Poor Haitians have been left to face the fury of Hurricane Irma alone as authorities in Cap-Haitien showed little sign Wednesday of preparing for what forecasters say could be a catastrophic event.
Irma, a Category Five storm with 185 mile-an-hour (300 kilometers per hour) winds, is on track to swipe Haiti's northern coast Thursday, but few Haitians in its path have been warned that it's coming.
"It's thanks to word of mouth that we always learn about these things," said Josue Rosse, as he crouched next to a tree trunk that he was digging out to make boat.
"We live on the edge of the sea but no one in authority has come to tell us what's what," he said.
Residents of Shada, a poor community on the banks of the Mapou river, also were surprised to learn that a major storm was headed their way.
"I didn't know a hurricane was coming, because we don't get electricity here, so we can't get the news," said Jacquie Pierre, pointing to a small television set covered with a placemat.
Since the start of the year, the 25-year-old's house has been flooded twice. The prospect of a hurricane terrifies her.
"I am afraid, not just for my life or my children's, but for everyone, for every Haitian. We are like a family," she says, tightly hugging her three-year-old daughter.
Overhearing this, her neighbor Pierre Valmy sticks his head out of his house, a rustic cabin built from wooden planks and metal sheeting.
"If you say a big hurricane is coming here, then it's the end of the world for us," he despaired, turning his gaze to the ground.
The US National Hurricane Center forecasts tropical storm conditions to begin on the north coast of Haiti on Wednesday night, escalating into full-blown hurricane conditions on Thursday.
On the outskirts of Cap-Haitien, Haiti's second largest city, the emergency operations center has yet to launch a public information campaign because they are still doing an inventory of available equipment and personnel.
A UN stabilization mission known as Minustah ended in mid-October, and peacekeepers withdrew with the heavy equipment that had been used routinely in responding to seasonal floods in the Cap-Haitien region.
"We no longer have the support of Minustah and there aren't many NGOs involved in risk management in the department, which makes for a difficult situation," said Jean-Henri Petit, the technical coordinator for civil protection in Haiti's Department of the North, of which Cap-Haitien is the capital.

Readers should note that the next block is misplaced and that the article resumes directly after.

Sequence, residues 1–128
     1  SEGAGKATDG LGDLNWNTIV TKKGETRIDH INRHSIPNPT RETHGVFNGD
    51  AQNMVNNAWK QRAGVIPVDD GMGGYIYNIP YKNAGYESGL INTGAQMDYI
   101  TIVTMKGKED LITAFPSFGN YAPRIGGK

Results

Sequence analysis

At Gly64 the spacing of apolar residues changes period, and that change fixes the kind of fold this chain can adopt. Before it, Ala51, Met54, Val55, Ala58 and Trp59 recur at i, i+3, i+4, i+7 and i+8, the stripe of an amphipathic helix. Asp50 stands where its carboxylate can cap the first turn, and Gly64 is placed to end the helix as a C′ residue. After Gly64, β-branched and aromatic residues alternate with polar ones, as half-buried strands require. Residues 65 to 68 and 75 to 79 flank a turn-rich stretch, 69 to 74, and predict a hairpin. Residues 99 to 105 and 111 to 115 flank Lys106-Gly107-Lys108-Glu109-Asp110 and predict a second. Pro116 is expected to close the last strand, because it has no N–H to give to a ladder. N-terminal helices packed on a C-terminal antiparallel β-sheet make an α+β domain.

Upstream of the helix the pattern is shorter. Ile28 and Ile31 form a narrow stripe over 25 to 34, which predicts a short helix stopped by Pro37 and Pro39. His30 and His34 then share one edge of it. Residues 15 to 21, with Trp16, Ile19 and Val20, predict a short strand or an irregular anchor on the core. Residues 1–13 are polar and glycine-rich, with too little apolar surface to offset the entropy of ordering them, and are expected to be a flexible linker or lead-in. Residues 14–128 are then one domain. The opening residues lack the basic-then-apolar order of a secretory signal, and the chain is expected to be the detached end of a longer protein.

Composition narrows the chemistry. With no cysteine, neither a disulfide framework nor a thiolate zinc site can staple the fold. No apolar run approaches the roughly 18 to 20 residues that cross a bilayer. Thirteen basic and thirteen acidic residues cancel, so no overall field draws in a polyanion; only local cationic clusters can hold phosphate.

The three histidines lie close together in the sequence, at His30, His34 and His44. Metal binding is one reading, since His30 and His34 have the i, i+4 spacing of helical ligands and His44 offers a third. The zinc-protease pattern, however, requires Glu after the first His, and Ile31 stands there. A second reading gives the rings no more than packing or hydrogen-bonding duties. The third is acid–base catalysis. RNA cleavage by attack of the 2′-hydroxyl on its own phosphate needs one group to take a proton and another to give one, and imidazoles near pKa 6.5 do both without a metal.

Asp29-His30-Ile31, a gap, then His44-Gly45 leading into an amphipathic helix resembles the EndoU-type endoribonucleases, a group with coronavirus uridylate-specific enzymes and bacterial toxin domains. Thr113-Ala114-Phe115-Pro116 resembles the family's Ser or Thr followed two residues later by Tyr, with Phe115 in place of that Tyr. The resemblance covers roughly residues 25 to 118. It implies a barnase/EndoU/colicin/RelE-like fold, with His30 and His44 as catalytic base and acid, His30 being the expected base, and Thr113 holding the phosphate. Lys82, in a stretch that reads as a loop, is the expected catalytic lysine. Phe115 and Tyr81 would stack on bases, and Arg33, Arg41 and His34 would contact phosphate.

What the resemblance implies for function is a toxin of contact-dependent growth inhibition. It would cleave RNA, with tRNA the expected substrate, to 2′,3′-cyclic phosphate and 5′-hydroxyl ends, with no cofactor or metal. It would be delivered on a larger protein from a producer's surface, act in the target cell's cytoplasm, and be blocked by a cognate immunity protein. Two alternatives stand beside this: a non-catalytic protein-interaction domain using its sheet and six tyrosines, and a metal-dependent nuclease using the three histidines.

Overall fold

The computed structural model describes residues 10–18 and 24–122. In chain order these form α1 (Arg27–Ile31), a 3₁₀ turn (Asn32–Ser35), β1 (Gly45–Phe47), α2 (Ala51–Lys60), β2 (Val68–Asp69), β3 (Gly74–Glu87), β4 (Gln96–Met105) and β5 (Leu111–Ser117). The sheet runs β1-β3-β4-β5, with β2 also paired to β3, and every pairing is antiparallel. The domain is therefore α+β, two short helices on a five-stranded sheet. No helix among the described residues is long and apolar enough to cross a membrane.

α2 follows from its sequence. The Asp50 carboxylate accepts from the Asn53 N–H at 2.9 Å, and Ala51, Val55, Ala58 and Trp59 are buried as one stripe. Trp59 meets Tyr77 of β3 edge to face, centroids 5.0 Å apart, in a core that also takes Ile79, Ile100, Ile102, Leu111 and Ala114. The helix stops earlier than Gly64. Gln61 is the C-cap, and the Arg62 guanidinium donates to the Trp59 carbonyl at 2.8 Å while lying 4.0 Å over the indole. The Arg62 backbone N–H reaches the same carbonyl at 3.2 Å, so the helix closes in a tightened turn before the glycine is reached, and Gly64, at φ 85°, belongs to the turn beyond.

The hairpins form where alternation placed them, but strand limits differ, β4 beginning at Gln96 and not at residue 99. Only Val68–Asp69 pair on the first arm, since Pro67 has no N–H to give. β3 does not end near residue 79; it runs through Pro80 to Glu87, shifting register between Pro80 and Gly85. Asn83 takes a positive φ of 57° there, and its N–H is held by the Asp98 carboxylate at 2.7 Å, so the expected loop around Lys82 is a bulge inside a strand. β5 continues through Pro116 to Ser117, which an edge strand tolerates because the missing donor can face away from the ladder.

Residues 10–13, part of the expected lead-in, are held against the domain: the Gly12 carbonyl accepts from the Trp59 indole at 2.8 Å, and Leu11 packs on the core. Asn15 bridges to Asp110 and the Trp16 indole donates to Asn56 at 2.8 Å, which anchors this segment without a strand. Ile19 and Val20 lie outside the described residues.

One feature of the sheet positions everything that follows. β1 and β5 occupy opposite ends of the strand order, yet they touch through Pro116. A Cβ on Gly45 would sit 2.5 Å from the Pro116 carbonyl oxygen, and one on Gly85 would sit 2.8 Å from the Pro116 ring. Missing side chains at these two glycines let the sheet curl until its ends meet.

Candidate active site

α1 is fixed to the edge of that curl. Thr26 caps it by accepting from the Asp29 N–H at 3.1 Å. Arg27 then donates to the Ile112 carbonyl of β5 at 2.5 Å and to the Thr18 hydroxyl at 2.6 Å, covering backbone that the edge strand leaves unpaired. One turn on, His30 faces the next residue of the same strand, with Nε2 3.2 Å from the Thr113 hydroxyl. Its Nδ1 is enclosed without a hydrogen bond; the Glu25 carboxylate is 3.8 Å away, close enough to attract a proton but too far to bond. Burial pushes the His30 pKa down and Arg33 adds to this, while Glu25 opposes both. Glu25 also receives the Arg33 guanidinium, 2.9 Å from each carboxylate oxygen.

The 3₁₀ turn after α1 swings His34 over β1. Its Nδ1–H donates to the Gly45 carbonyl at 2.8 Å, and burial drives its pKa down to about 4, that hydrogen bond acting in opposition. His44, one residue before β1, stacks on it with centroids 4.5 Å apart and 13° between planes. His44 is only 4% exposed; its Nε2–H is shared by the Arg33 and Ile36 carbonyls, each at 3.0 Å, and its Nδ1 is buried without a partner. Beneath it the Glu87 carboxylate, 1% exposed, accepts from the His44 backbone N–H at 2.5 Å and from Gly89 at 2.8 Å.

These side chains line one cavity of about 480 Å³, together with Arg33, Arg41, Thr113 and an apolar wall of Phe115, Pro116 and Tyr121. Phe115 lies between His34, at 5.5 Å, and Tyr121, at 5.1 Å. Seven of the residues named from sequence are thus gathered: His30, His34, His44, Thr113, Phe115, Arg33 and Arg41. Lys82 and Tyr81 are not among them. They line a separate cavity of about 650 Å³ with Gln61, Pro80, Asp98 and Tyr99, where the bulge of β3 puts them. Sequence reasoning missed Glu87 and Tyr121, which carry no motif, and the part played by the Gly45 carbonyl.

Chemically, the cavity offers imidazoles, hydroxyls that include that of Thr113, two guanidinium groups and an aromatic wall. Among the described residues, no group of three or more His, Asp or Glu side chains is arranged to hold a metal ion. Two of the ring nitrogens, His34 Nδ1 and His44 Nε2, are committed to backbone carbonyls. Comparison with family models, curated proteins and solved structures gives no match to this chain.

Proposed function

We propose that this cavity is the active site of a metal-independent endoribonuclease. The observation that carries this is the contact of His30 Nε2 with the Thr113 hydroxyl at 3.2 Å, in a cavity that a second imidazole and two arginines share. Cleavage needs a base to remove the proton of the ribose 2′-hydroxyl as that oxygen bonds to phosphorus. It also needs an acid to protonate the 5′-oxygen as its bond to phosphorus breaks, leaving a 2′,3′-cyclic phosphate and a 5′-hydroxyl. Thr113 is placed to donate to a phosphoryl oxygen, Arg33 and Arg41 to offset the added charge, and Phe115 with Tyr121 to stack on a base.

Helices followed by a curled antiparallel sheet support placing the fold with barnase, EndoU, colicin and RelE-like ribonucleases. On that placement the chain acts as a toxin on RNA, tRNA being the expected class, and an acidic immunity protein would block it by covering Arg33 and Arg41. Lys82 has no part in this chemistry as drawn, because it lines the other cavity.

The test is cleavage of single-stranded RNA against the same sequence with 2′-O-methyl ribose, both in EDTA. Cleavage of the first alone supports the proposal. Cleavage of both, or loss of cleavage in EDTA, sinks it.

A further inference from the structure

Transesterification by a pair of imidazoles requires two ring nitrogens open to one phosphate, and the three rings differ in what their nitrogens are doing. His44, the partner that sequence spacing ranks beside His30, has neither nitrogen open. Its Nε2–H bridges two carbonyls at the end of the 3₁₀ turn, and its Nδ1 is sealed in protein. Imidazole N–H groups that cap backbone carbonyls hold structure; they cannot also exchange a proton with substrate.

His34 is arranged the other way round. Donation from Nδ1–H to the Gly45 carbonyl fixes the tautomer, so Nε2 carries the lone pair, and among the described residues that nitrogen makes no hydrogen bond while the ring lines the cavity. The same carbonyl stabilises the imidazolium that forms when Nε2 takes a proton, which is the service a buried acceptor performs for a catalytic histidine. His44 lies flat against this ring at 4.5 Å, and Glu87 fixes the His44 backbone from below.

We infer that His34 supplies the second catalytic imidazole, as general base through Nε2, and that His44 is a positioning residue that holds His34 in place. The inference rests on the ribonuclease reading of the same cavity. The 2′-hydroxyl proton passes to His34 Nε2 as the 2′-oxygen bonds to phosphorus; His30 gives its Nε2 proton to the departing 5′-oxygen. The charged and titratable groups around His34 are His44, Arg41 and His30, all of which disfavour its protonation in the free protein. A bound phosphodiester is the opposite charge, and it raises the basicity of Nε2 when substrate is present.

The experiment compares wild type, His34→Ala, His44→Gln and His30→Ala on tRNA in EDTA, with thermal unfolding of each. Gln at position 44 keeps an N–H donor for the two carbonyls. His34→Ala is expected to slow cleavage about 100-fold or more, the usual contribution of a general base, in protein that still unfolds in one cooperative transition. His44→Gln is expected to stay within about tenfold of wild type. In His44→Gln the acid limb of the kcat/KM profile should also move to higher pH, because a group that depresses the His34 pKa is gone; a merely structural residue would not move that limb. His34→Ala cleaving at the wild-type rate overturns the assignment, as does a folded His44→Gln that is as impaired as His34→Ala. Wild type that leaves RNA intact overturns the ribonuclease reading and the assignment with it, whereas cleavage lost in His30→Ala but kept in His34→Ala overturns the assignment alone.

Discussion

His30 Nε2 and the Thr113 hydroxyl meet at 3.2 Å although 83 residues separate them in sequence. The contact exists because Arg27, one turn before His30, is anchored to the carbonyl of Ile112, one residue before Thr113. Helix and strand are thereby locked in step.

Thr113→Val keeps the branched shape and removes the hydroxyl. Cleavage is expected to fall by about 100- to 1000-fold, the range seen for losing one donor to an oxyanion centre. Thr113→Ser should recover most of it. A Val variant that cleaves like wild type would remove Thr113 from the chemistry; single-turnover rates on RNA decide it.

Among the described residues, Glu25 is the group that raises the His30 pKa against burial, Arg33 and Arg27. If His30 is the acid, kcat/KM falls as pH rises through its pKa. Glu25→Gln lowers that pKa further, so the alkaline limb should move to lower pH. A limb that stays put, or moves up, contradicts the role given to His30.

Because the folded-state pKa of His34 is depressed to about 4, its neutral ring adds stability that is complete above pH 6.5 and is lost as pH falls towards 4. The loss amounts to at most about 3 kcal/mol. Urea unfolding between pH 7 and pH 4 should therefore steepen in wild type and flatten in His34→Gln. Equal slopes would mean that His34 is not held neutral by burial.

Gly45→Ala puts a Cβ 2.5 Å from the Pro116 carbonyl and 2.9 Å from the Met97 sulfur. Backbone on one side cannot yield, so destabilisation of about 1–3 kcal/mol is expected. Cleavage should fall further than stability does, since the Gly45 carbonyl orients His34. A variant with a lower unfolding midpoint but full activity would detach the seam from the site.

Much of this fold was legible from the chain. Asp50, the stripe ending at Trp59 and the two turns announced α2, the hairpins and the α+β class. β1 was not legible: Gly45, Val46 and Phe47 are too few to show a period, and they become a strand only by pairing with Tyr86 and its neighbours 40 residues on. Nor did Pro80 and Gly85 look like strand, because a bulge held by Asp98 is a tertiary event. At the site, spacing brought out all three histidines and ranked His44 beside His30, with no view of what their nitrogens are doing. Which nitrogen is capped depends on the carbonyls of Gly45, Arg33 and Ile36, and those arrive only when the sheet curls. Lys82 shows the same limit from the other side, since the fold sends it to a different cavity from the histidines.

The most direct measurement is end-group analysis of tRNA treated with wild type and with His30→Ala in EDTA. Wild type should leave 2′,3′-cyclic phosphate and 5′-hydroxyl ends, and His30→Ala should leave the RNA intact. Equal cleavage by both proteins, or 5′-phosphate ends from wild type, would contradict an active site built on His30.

In Port-au-Prince, 120 miles (200 kilometers) from Cap-Haitien, Haiti's civil protection director Jerry Chandler is trying to accelerate the public information campaign and prepositioning of emergency supplies.
"I don't know what is happening," he said. "Since last week, local committees had received instructions to inform the population. We are going to reinforce the media campaign," he said.
In Cap Haitien, fisherman Hilaire Felix blames corruption for the official indifference and massive poverty.
"When something like this happens, they are happy because they've amassed a lot of money. They say they are going to help the poor but no help arrives, ever," he said, emphatically.
More than a million people live in the storm's path, but there are only three ambulances in the whole Department of the North. Gullies and drainage channels are choked with garbage because there is no systematic trash collection.
At the operations center, the dearth of emergency supplies is cruelly evident.
More worrisome still is the lack of shelters. Ninety percent of the houses in Cap-Haitien have sheet metal roofing incapable of withstanding powerful winds.
"We have learned lessons from Matthew and we are going to direct people to shelters for their protection," said Petit, referring to the Category Four storm that ravaged southern Haiti in October last year.
But as there are not enough shelters, the authorities also intend to advise people that their best bet may be to take refuge with family or friends who have houses made of concrete.
On the banks of the Mapou river, residents of Shada feel completely abandoned by the authorities.
"Now that I know a hurricane is approaching, I am going to put my important papers in a plastic sack and tie it to a roof beam because this is my only house and I have no place to go," said Valmy, who has a wife and two children.
Aware that the polluted river that flows a few meters away could sweep him and his family away, Valmy is resigned to whatever may come.
"In life, we all have a place to die," he says, before leaving to play dominos with friends, briefly mentioning to them the prospect of "bad weather" to come.